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Neanderthals most likely utilized glue to make tools

Stone Age tools reveal proof of a cognitive procedure that exists in human beings today.

By Laura Baisas|Released Feb 21, 2024 2:00 PM EST

The stone tool was glued into a manage with an adhesive that is made from liquid bitumen, with the addition of 55 percent ochre. It is no longer sticky and can be managed quickly. Patrick Schmidt/University of Tübingen SHARE

In addition to searching cavern lions, producing art, cooking crabs, and possibly being the supreme early morning individuals, Neanderthals in what is now Europe likewise utilized their own type of glue. A research study released February 21 in the journal Science Advances discovers that their stone tools were held together by a multi-component adhesive. This is the earliest proof of a complicated adhesive utilized by Neanderthals on the European continent. It likewise includes more proof to the theory that these extinct human predecessors had a greater level of cognition and cultural advancement than researchers formerly believed.

[Related: Sensitive to pain? It could be your Neanderthal gene variants.]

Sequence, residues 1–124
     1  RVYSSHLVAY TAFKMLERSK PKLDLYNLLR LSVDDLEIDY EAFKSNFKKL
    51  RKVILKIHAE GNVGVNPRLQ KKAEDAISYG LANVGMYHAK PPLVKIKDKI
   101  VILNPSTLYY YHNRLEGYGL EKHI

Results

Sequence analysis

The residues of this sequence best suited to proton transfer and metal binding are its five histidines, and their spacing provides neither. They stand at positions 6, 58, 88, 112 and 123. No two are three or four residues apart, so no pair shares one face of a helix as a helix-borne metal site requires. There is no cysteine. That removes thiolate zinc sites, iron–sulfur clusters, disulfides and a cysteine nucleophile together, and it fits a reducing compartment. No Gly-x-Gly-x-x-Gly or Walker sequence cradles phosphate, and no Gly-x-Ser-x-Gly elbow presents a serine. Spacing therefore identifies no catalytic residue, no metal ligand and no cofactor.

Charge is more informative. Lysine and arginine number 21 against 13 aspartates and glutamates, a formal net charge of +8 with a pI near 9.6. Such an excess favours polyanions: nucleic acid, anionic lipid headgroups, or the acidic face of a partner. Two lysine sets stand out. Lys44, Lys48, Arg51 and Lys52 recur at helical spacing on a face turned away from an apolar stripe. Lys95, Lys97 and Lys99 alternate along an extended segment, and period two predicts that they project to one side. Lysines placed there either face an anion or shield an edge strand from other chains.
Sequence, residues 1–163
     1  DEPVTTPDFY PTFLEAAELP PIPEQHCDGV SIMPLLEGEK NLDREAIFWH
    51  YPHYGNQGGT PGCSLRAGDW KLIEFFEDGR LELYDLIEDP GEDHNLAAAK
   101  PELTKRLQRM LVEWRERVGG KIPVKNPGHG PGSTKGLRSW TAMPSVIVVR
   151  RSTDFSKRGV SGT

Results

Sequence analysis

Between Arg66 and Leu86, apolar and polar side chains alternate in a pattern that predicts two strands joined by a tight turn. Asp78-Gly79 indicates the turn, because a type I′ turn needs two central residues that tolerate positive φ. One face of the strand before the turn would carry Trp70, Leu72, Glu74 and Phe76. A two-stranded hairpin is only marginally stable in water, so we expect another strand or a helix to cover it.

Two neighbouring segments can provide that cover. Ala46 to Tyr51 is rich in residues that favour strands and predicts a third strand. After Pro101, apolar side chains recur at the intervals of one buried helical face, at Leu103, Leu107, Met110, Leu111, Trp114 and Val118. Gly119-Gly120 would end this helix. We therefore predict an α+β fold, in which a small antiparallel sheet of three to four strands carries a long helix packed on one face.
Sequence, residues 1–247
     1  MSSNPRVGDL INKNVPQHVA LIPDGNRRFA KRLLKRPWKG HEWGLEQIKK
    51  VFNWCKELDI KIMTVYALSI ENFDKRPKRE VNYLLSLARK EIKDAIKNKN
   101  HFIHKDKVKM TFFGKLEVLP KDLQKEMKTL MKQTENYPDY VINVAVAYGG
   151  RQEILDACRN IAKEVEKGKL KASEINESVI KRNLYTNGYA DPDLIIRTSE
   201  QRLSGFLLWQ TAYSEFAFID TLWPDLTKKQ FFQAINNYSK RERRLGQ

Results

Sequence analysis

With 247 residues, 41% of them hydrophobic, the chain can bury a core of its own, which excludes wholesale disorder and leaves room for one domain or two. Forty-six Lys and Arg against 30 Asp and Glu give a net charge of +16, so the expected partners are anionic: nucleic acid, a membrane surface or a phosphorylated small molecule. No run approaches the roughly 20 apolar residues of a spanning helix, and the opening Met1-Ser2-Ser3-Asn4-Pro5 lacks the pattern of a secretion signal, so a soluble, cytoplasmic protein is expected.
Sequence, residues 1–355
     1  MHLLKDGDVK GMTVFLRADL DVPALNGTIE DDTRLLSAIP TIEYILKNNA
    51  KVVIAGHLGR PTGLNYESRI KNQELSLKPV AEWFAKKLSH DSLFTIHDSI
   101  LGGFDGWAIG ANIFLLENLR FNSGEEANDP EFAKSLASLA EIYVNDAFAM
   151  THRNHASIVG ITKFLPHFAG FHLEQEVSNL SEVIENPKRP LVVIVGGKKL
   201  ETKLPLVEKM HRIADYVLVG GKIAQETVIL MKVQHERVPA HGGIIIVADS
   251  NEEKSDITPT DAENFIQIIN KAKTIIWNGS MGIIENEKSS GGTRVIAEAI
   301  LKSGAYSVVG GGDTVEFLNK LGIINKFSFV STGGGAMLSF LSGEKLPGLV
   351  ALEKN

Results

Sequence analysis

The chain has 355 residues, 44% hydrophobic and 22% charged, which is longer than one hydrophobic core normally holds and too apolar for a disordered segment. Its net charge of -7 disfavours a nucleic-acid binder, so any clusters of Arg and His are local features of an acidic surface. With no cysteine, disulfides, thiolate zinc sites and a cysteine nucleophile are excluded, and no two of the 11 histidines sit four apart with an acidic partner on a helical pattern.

In the research study, a worldwide group of scientists re-examined tools that were very first found in the early 20th century at the Le Moustier historical site in France. The tools go back about 120,000 and 40,000 years earlier, throughout the Middle Palaeolithic period or Old Stone Age.

“These amazingly unspoiled tools display a technical service broadly comparable to examples of tools made by early contemporary people in Africa, however the specific dish shows a Neanderthal ‘spin,’ which is the production of grips for portable tools,” research study co-author and New York University anthropologist Radu Iovita, stated in a declaration.

The tools were separately covered in the 1960s, protecting the natural compounds in the older glue. Scientist discovered traces of a mix of ochre and bitumen on numerous scrapers, flakes, and blades. Ochre is a naturally happening earth pigment that can be pale yellow, red, brown, and violet. Bitumen naturally happens in soil and belongs of asphalt that can be made from petroleum. In the Le Moustier area, bitumen, and ochre would have needed to be gathered from far-off places. According to the authors, this would have implied a great deal of time, effort, preparation, and a targeted technique.

Liquid bitumen and the earth pigment ochre prior to blending. CREDIT: Patrick Schmidt/University of Tübingen.

“We were amazed that the ochre material was more than 50 percent,” Patrick Schmidt, a research study co-author and archaeologist and geologist from the University of Tübingen in Germany, stated in a declaration. “This is since air-dried bitumen can be utilized unchanged as an adhesive, however loses its adhesive residential or commercial properties when such big percentages of ochre are included.”

After determining which substances were utilized, the scientists evaluated the strength of the adhesive product in the laboratory.

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